How The Top Gear Races Used To Work, According To The Former Stig

Speaking to VinWiki, Ben Collins gave insight into the logistics of shooting TG’s races
How The Top Gear Races Used To Work, According To The Former Stig

Arguably the most memorable bits of Top Gear during its ‘golden years’ were the races. You know the score - Jeremy Clarkson in the latest, spangliest supercar, versus Richard Hammond And James May in public transport. It’d normally involve a pan-European thrash and a genuinely nail-biting end.

Top Gear is, of course, a scripted show, but the races were done largely for real, and yes, they often were as close as they looked in the show. It’s something script editor Richard Porter has noted in the past, and in this new video from VinWiki, former Stig Ben Collins has given his own insight into the practicalities of filming the epic races. 

Remote video URL

He confirmed again that the races were run for real. However, that meant the production team had no time to film all the external footage they needed - that all needed to be sorted separately. It was Collins’ job on the Bugatti Veyron vs. Cessna 182 aeroplane race to drive back the other way (London to Turin) over the course of several days, retracing the route to shoot all the required B-roll (the film industry’s term of supplemental footage). And yes, that included high-speed autobahn stuff.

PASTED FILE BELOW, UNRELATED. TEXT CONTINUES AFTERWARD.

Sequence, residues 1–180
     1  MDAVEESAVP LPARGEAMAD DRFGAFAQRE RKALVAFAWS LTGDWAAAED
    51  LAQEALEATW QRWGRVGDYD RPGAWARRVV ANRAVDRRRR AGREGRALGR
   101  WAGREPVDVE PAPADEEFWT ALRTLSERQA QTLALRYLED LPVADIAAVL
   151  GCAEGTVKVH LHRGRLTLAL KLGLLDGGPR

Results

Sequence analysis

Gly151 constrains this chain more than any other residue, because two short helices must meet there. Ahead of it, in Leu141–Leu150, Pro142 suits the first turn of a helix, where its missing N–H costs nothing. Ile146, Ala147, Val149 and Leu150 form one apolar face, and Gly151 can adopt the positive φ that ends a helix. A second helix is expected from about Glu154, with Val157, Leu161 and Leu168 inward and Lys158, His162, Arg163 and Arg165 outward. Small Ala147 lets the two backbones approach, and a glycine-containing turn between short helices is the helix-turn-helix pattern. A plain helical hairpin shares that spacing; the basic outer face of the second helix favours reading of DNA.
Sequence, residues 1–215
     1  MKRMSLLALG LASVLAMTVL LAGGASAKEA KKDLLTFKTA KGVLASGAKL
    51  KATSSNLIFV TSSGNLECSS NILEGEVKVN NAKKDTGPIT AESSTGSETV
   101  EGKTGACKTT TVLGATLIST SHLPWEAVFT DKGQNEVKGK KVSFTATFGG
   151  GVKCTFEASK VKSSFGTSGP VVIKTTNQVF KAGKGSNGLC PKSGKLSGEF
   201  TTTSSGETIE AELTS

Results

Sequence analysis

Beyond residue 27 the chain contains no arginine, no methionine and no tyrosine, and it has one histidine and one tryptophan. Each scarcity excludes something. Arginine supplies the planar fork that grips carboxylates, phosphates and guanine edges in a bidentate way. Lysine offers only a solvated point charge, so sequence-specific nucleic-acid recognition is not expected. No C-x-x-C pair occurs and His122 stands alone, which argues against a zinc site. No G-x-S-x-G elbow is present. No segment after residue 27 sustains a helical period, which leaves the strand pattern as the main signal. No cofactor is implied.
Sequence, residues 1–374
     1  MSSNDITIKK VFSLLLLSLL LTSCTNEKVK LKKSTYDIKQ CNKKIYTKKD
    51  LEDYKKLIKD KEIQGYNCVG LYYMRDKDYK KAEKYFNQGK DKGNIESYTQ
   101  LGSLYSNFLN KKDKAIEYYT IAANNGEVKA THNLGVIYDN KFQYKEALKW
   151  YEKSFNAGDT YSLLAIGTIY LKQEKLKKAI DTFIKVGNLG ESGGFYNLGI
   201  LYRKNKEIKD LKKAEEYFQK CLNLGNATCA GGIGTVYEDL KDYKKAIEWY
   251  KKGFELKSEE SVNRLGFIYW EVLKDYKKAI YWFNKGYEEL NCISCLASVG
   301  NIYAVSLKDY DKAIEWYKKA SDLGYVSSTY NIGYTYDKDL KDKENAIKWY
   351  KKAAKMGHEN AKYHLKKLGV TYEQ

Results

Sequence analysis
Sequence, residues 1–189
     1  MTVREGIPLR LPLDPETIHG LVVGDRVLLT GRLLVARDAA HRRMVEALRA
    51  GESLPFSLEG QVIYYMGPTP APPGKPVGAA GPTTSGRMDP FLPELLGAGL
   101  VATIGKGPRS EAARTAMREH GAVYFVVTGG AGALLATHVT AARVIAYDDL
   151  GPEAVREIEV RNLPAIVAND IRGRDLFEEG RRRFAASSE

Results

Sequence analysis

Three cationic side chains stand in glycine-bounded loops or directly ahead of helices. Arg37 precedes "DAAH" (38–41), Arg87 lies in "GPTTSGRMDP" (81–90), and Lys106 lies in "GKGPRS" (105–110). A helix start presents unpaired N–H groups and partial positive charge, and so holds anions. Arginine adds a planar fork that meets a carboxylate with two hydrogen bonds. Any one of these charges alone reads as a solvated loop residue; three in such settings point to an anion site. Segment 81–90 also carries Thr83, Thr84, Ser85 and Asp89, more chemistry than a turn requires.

That means if you look carefully, you’ll see an ‘unmasked’ Stig behind the wheel - one of a few moments we unknowingly saw Collins sans helmet during his time as the ‘tame racing driver’. 

In the video, Collins also talks about the fuel economy challenge that was run from Basel, Switzerland, to Blackpool to switch on the famous Blackpool Illuminations. There were apparently real concerns none of the presenters would make it, so stacks of B-roll was shot of Collins as the Stig “having a wonderful day out” just in case the episode required padding. We don’t know about you, but we’d rather like to see all of those shots now…


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